The total moment of the perfect melody

When all else fails, there’s still a Schubert melody.

Melodies sound like total moments which float freely, unchained, outside the regular course of time.  Adorno explains:  “The concept of melody first gained ascendancy in the nineteenth century in connection with the new Kunstlied, especially Schubert’s.  Melody was conceived as the opposite of the ‘theme’ of the Viennese classicism of Haydn, Mozart, and Beethoven.  It denotes a tonal sequence, constituting not so much the point of departure of a composition as a self-contained entity that is easy to listen to, and expressive” (Adorno and Eisler:  Composing for the Films, 1994, pp. 6-7).

The expressive melody of the Byronic Schubert sounds perfect because it seems to arrive complete.  As the movement unfolds and the opening statement does not evolve, its self-contained perfection becomes apparent.  “The truth of Schubert doesn’t emerge through development, at least not one that we’d term ‘Beethovenian,’ … Instead, more or less, it’s articulated in a virtual instant, as in the shape and turn of a melody (and distinctly not in its working out)” (Richard Leppert:  “On Reading Adorno Hearing Schubert,” 19th-Century Music 29:1, 2005, p. 60).

To the great musicologist Leppert, the famous Andante of the Piano Trio No. 2, D. 929, is a model of such perfection.  We listen to it without looking for anything since nothing is missing.  “The ‘counterpoint,’ such as it is, seems to accomplish very little more than to comment by default on the perfection of the theme’s first statements.  How can perfection be elaborated?  The three voices gradually acknowledge that it can’t.  It’s as though they engage the tunes, passing bits of them back and forth, as if to say, ‘Can you believe how beautiful this is?  What happiness it gives me to sing the sadness’” (59).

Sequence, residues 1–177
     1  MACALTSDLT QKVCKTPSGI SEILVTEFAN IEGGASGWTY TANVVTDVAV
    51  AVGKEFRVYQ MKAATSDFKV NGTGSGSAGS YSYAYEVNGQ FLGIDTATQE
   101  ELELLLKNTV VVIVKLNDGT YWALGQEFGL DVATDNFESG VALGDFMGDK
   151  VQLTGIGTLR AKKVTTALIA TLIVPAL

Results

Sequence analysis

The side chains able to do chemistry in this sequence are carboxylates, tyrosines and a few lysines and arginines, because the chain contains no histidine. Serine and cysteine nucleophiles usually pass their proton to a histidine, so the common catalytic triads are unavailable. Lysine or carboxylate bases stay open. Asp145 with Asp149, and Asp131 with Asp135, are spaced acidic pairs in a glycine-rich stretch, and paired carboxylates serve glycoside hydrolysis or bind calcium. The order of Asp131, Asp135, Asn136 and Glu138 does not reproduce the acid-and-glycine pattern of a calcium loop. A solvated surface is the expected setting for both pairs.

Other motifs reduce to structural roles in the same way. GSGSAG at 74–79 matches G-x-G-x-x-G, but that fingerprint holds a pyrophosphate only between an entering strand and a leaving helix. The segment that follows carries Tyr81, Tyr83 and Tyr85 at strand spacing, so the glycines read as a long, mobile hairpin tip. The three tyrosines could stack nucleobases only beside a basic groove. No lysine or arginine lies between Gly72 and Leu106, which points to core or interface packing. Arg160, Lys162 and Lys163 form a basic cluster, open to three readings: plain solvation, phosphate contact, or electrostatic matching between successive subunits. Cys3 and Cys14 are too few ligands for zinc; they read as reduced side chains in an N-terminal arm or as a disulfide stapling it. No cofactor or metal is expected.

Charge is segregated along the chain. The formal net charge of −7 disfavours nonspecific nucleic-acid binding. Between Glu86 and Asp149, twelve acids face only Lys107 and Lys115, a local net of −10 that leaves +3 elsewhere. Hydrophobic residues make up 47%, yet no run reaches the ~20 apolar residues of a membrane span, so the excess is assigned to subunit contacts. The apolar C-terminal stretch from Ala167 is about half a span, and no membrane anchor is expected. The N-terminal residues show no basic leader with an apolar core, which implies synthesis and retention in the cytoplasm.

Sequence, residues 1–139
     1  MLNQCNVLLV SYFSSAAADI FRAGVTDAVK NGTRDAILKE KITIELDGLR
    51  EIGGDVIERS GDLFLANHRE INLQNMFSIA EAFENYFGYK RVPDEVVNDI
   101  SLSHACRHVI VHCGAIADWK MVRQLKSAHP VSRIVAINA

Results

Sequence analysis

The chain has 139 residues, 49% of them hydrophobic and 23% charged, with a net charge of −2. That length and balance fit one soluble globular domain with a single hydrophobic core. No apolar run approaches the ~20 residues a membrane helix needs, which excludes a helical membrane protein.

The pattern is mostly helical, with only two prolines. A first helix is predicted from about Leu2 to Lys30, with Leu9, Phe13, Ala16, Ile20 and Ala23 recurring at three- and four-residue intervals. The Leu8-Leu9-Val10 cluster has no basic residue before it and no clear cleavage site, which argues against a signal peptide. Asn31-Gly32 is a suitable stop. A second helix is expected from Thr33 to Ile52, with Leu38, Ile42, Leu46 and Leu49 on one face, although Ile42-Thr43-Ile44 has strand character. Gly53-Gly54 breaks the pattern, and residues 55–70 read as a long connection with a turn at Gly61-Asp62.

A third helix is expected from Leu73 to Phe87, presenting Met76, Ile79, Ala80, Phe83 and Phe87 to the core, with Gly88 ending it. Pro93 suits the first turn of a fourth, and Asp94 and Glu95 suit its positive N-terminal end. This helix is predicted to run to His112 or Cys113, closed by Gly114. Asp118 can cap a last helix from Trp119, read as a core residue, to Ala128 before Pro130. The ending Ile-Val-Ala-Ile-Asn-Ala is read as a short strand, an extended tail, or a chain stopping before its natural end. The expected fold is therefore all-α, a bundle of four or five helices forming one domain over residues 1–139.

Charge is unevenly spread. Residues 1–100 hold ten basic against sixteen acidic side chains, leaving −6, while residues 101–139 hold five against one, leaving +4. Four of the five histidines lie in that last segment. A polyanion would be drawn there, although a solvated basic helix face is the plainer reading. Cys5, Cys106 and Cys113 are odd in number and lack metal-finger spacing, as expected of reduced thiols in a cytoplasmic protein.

Romantic melodies do not develop into variations and codas, as Classical themes do.  Themes arrive properly introduced and, if you follow them, they take you to several places till you reach a meaningful destination.  On the other hand, “Schubert’s themes wander just like the miller does, or he whose beloved abandoned him to the winter.  Those themes know of no history, but only shifts in perspective” (Adorno: “Schubert” [1928],” 19th-Century Music 29:1, 2005, 10).  Melodies arrive unannounced and immediately possess you.  They do not take you somewhere so that you may take them with you anywhere (the way, for example, movies like Barry Lyndon and The Piano Teacher have been taking the Andante of the 2nd Piano Trio to very different places).

I can tell the difference from the ways in which my other self Dr. Pantelis Polychronidis and I experience these two kinds of music.  When encountering a theme, we are eager to follow all its versions and variations till we reach a reassuring resolution.  When struck by a melody, though, we wallow in its enchantment, knowing it represents an absolute instant of our friendship and that we will never be friends like this very instant again.  The happiness granted by a perfect melody, like those of Schubert, is inescapably melancholic since its music may always be the same but its fleeting total moment never.

February 2, 2019

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